I had a guest article posted at physicsfocus.org, here. VERY EXCITING! The editor titled it “When you tell someone you’re a physicist, explain what you actually do.” I encourage you to browse physicsfocus, because there’s some great stuff on there. For the sake of my lovely readers, though, here is the complete text of that article for your reading pleasure:
Physics is a diverse, constantly growing field. So why do people treat me differently when I tell them that I’m studying it? The response is almost always that they never understood (or worse, never liked) physics, that it’s remarkable that I’m studying it. And after that… silence. Now, I like compliments as much as the next person, but the inevitable awkward silence is so unpleasant that I’ve come to dread the moment when someone asks me what I study.
I wrote about this phenomenon on my blog, and asked for other people’s opinions and experiences. My initial instinct was that this response may be largely due to surprise: there’s a public image of physicists, and especially physics students, as socially-inept, painfully dorky, acne-ridden man-children. I am female, well-groomed, and capable of maintaining a conversation. I have friends and interests outside of physics, I go out regularly and love talking to new people, and sometimes I even wear makeup. I’m not a Big Bang Theory stereotype and that surprises and even intimidates people.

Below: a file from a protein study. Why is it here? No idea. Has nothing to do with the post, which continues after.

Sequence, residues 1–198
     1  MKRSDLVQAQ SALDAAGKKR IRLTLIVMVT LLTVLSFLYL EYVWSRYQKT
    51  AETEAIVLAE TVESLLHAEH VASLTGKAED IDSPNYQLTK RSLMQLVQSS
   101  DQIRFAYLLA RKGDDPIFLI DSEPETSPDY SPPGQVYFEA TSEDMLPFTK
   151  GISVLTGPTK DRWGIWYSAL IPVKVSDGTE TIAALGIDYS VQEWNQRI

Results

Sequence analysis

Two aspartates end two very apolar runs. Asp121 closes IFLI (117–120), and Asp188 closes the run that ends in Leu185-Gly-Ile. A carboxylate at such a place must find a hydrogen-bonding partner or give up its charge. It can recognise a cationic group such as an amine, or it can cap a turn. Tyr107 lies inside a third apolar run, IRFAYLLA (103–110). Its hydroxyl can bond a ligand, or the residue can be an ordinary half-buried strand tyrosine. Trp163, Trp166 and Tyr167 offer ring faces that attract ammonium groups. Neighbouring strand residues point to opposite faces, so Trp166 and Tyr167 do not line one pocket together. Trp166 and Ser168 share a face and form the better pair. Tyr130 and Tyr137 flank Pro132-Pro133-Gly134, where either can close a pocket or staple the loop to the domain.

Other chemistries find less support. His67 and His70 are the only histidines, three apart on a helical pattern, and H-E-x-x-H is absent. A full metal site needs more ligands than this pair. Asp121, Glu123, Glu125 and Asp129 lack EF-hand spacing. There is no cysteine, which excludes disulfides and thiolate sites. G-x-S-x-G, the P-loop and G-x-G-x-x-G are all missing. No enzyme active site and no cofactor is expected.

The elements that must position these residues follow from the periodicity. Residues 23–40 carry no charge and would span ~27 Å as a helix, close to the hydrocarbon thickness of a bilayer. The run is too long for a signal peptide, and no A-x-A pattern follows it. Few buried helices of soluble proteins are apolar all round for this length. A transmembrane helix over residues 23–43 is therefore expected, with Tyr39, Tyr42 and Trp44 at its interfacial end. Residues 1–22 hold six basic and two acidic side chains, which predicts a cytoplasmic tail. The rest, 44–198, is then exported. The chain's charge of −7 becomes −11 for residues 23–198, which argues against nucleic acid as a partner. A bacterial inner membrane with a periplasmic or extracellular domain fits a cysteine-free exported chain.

But, as I discussed it with other physicists and students, things got a whole lot more complicated and interesting. Yes, every woman in physics (especially astrophysics, which is my focus) has a story about a potential romantic partner being intimidated and shutting down after hearing of their field of study. Aside from that specific situation, though, I was surprised to find that the response to “I’m interested in physics” stays about the same regardless of gender. Maybe people are more surprised when anyone who isn’t a straight, white, awkward, nerdy male is studying physics – the STEM education system is rife with stereotypes – but that may not be the main problem.
Overwhelmingly, people seem to just not really understand what physics means – everyone knows that English means literature, and biology means plants and animals, and engineering means building things, but what do people say when you ask them what physics is?
The vast majority of people who aren’t actively involved in physics have probably never taken a higher-level physics class. They just remember a terrible experience where they were forced to memorise a bunch of physical laws in high school, or else all they know about physics is that it’s something to do with studying the mathematics of how things work. So when people say “Oh wow, you’re studying physics, you must be so smart, I never understood that,” and then sit in awkward silence, what they probably mean is “I don’t really understand what you mean, but I’m worried I’ll come off as stupid if I ask you to explain it to me.”
When I’m around science people (like at NASA’s Johnson Space Center this week), and I tell them I’m studying physics, they ask questions: what sort of physics I am interested in, what do I want to do with physics, I’ve always wondered about dark matter or gravitational lensing or nebulae…
So, here’s what I propose: next time a conversation starts dying when physics comes up, instead of just pulling the plug, talk! Explain something you’re studying or what you want to do with physics. Then, there’s conversation instead of awkward silence, and you’re improving the image of the physics community by helping people understand what it is that we actually do. And you won’t have to think of a witty yet appropriately humble response to compliments — because let’s face it, as astronaut Doug Wheelock said to me earlier this week “We’re light-years ahead in technology, but socially we’re still very awkward.”
But it’s okay; people still assume we’re really smart.